And to the OP. In my experience, whenever a horse rushes into the canter, it is because he lacks the balance he needs to carry himself through the transition. The fact that he's picking up the wrong lead almost proves my point. You horse needs to work at the trot, circles and serpentines, and TONS of transitions from walk to trot to stop to trot to walk to stop to walk, etc. He needs to learn where his center of gravity is and how to carry himself in such a way that allows him to do whatever it is you ask of him, all the while staying balanced.

Now if he is rushing into the canter as in a "bolting" sense, that's a different training issue altogether. If that's the case, trot to canter to trot to canter to trot to canter, until he realizes that the canter doesn't mean go fast, it just means to canter. Good luck with him. =]
     
    09-25-2009, 11:57 AM
  #8
Banned
Quote:
Originally Posted by RedRoan    
Um... RiosDad...

Then how come all the world championship show riders out there warm up gradually? All you need to do is work on your rythem and how you prepare your horse under you in order to do what ever you want to do. The simple answer is teach the horse clear clues on what you want .
I'm not a world class anything. I am a trail rider but my horse will pick a nice working trot and hold it all day in an endurance race or I can pick a lope and he will hold it without breaking stride for an hour or hour and a half, even when negotiating a ditch and over the highway.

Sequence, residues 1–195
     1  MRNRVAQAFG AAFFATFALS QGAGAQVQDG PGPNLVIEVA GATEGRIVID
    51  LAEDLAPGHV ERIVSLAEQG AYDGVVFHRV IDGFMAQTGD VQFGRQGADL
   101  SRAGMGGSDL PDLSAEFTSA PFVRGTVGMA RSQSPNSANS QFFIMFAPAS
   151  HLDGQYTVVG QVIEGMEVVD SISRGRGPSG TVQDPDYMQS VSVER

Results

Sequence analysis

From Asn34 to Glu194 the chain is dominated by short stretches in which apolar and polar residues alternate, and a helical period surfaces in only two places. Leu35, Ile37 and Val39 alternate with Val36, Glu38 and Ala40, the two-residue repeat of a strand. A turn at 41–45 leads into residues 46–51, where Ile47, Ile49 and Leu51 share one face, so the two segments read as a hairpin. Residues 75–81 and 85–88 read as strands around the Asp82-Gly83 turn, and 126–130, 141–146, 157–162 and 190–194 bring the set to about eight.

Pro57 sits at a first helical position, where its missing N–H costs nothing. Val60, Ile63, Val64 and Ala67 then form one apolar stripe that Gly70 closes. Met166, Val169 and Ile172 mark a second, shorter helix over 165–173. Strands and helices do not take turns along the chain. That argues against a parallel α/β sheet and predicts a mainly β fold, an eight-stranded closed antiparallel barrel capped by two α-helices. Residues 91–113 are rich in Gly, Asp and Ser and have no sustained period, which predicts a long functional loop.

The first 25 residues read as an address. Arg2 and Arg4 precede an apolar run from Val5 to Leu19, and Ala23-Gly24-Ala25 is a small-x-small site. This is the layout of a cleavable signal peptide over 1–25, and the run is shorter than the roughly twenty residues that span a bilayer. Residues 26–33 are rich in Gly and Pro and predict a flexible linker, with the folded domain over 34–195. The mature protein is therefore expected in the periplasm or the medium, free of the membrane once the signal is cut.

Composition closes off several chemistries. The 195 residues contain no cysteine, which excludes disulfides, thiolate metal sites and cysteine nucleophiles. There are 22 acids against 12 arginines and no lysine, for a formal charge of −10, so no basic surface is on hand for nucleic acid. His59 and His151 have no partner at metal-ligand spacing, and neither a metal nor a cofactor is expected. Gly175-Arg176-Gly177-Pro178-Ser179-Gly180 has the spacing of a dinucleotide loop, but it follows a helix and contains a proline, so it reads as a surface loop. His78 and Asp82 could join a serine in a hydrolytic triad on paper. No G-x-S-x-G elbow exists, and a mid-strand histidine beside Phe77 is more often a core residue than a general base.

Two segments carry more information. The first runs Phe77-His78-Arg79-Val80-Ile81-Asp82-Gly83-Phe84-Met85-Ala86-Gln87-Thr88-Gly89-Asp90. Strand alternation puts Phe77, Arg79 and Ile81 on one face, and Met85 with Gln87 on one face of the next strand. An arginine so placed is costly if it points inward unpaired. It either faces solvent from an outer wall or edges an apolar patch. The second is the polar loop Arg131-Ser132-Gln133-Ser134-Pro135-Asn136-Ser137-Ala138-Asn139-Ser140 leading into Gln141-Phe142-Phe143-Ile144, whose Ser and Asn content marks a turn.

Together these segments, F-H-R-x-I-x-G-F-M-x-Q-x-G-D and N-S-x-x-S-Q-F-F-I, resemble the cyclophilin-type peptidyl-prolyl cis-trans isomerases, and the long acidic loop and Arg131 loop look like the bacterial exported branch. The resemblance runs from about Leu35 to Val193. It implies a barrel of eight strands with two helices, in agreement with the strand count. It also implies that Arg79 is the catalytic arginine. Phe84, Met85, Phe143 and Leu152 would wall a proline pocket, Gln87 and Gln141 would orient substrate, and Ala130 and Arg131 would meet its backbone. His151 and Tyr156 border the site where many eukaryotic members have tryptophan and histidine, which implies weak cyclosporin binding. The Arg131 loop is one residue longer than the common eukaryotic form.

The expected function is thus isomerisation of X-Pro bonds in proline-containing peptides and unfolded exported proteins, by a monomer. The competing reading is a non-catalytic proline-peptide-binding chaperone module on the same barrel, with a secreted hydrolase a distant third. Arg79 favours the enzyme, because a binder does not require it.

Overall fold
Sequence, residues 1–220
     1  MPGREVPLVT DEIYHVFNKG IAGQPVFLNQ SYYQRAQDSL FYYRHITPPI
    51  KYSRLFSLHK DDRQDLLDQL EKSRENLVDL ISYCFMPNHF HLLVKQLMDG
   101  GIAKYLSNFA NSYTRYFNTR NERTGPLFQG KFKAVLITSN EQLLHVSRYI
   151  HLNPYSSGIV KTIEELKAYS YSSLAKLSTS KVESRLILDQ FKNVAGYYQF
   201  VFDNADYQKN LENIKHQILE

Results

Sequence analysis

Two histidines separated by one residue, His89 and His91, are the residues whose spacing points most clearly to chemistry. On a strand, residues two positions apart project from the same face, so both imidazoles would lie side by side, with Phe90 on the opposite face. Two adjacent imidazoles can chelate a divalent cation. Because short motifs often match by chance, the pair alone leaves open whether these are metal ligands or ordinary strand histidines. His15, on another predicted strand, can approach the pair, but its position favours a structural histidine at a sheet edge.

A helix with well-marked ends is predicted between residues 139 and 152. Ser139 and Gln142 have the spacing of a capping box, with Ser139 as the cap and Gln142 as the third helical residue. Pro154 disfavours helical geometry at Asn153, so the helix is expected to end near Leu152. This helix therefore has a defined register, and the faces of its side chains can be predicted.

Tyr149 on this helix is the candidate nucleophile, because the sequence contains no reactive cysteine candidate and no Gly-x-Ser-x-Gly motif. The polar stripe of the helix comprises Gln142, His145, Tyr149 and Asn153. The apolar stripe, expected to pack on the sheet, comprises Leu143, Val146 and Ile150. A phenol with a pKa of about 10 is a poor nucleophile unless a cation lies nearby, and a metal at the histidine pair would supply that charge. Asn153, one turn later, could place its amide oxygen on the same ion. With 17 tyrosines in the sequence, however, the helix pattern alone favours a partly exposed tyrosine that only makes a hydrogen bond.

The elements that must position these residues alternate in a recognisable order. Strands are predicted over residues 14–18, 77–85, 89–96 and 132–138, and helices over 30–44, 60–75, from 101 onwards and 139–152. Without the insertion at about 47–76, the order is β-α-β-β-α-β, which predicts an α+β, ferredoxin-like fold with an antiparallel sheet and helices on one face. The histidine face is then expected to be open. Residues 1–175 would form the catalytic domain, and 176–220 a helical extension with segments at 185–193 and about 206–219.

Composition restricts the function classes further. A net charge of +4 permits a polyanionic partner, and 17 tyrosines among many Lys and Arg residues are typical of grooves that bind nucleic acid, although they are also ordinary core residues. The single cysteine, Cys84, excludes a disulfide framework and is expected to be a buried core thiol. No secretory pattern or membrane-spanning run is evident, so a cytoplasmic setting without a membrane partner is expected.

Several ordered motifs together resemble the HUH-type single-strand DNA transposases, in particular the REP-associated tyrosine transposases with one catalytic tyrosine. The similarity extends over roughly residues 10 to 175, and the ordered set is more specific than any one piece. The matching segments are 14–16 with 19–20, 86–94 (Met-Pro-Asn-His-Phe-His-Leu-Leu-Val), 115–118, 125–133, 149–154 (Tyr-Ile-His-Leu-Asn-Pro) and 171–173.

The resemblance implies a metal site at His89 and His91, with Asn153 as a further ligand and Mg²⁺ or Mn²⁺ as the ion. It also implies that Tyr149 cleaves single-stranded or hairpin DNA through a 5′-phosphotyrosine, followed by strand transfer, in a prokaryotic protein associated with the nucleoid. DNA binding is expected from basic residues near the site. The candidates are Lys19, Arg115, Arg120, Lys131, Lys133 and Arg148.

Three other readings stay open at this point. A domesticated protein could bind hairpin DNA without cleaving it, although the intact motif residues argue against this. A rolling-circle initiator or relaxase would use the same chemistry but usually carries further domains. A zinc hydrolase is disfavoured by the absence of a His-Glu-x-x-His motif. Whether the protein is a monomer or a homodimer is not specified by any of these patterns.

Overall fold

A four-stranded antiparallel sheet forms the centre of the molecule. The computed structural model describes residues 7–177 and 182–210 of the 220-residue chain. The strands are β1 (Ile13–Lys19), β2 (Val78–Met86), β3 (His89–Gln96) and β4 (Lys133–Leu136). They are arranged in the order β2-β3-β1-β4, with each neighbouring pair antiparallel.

Again it is my own way of training and I want a horse that isn't bouncing from one gate to another.
I am not a ring rider or show rider.
I do have the best working horses around
     
    09-25-2009, 02:02 PM
  #9
Weanling
Read riccil0ve's post then Rio.

If I wanted a work horse or trail horse I would want a horse that went smoothly into anything I asked it to do. No matter if it was from a trot to lope/canter or anything else.
     
    09-26-2009, 08:38 PM
  #10
Banned
Quote:
Originally Posted by RedRoan    
Read riccil0ve's post then Rio.

If I wanted a work horse or trail horse I would want a horse that went smoothly into anything I asked it to do. No matter if it was from a trot to lope/canter or anything else.
Horses that bounce back and forth between a lope and trot on the trial are a pain. If you ride with anyone else this constant breaking pace makes it difficult for those following you. If you are all working at a trot you want the horses to maintain this constant trot, mile after mile, no speeding up on downhills, no slowing down the up hill grades.
At times while running endurance I want a fast trot and I can push him to any speed I want without his breaking to a lope.
On other occassions I want a long lope, one that he maintains for 10 or more miles, I don't want to bug him, I don't want to have to remind him to keep the pace easy, laid back and on the hind end. I want flying changes for the curves/corners but if the pace slows down for a tight spot, a ditch, crossing a road I still want him to maintain the motion.
If the horse is not rock solid on his gates he will break.